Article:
We sat upstairs at Harbord House, a lovely environment in which to drink, dine, and discuss books (the club advertises itself as “a drinking club with a book problem”). Dana introduced my book and me and invited me to say a few words. Because she had stood while talking, I did as well and thanked everyone for the invitation and murmured some other inanities. The group started asking questions. Protocol was such that you were only allowed to speak if you held the ceremonial conch shell. Someone passed it to me and I did my best to answer the questions. Unsure whether to remain standing or sit down, I remained standing for the first couple of answers until someone kindly suggested that I could sit down if I wanted to. Sheepishly, I sat down, wondering if anyone was starting to clue in that I may resemble in more ways than one the slightly bewildered protagonist of A Time and a Place.
Speaking of which, much initial discussion centred around the now familiar question of Wildebear’s like-ability (or lack thereof). Some in the group seemed to like his down-to-earth nature while others just wanted to give him a smack. I confessed that I did not know that I had written an anti-hero, someone potentially unlikable. I was just trying to make him real. I listened as Fergus described Wildebear as “bewildered” and saw the light go on in his eyes as he made the connection between the name Barnabus Wildebear and the word bewildered. I had to confess (for the second time) that it was not deliberate (the group advised me to take credit anyway, but I cannot tell a lie). I suppose it’s possible that my subconscious had something to do with it… yeah, let’s go with that. 🙂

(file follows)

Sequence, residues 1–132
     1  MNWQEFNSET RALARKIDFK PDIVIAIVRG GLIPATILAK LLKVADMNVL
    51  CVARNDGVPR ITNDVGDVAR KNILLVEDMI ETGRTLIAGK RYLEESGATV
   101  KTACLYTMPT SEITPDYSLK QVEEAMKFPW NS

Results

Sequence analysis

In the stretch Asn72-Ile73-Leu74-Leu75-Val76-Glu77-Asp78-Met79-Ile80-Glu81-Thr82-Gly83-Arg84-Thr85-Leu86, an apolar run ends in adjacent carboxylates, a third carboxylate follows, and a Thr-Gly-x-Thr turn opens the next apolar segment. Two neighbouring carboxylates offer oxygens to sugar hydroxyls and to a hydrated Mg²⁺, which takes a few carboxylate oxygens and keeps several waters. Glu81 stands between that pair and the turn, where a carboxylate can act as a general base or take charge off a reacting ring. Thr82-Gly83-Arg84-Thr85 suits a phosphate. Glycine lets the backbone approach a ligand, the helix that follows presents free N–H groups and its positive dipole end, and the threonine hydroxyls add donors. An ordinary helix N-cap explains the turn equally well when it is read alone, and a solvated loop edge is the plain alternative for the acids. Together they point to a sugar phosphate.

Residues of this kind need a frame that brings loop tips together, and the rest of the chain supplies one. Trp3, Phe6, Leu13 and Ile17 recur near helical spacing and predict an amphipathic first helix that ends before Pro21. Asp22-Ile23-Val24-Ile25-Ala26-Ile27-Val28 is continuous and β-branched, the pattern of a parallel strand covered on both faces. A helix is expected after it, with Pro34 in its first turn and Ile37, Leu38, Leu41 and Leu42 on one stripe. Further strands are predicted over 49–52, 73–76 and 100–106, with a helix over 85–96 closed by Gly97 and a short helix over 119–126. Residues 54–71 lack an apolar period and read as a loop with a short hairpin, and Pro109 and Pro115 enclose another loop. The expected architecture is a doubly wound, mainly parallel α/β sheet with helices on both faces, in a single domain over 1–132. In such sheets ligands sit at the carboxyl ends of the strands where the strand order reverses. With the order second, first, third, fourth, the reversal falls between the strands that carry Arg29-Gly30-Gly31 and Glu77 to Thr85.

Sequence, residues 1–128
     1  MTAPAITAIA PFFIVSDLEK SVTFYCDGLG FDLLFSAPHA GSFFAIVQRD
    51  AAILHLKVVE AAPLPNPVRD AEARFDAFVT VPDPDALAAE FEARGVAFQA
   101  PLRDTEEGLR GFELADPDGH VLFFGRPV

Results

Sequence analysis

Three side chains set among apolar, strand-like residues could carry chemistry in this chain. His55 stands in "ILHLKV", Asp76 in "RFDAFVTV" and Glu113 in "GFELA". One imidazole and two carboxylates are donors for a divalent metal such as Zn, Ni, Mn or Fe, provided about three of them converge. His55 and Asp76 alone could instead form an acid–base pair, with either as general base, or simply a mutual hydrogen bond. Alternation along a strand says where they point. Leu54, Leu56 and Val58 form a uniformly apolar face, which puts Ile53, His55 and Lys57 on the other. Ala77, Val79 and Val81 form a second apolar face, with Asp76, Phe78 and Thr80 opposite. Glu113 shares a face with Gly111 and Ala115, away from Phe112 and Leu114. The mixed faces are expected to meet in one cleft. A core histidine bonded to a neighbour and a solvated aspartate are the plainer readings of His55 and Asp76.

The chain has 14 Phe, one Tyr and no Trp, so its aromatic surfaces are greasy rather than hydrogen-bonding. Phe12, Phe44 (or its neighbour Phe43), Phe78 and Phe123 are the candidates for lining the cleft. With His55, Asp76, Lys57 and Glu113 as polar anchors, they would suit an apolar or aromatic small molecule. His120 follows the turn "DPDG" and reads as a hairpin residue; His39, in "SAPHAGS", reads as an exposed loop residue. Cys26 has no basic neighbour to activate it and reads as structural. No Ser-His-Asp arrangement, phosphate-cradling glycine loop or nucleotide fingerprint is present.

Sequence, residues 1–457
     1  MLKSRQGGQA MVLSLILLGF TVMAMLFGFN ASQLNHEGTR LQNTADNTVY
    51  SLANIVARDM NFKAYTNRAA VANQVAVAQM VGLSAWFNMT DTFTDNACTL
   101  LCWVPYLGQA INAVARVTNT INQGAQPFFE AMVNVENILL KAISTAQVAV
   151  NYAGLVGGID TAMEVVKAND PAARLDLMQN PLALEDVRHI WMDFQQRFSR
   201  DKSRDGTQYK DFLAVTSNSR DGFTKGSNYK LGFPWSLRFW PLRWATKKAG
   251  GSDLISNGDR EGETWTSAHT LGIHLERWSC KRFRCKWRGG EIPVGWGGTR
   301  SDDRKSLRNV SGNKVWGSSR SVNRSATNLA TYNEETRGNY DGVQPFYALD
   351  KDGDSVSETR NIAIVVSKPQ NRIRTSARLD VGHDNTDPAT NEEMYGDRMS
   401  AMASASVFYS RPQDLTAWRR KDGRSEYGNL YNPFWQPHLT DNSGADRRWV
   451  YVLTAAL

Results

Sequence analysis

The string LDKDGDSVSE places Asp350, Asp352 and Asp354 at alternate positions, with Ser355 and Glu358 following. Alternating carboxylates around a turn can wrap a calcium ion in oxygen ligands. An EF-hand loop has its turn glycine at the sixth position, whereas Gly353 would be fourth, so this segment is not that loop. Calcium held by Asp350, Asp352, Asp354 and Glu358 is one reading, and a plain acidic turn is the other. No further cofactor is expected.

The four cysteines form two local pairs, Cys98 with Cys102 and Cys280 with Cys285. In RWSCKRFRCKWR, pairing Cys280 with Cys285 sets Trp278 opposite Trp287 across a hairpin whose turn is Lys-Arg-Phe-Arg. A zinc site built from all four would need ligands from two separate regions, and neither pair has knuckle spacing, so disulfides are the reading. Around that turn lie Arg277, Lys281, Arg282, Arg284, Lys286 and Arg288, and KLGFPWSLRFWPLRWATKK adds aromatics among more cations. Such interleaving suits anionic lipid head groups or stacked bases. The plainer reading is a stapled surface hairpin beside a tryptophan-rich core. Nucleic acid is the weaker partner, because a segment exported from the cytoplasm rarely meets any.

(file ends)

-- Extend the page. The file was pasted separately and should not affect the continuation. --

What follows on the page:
The question of the immutability of time came up. That is, the notion that in the universe of the book you cannot change the past. Twice now it’s been suggested to me (online and in person) that in A Time and a Place I create a universe in which neither Wildebear nor anyone else can change the past only to negate that concept later in the book. I tell you now that is not the case. I think the misunderstanding may arise from the number of times Wildebear visits the past. But each time he does so he changes nothing. He is incapable of changing anything because the past (in the book, at least) is immutable. I humbly suggest that if the reader thinks otherwise, they are misunderstanding the events in the book (I fully accept responsibility for perhaps not making this sufficiently clear in the book itself).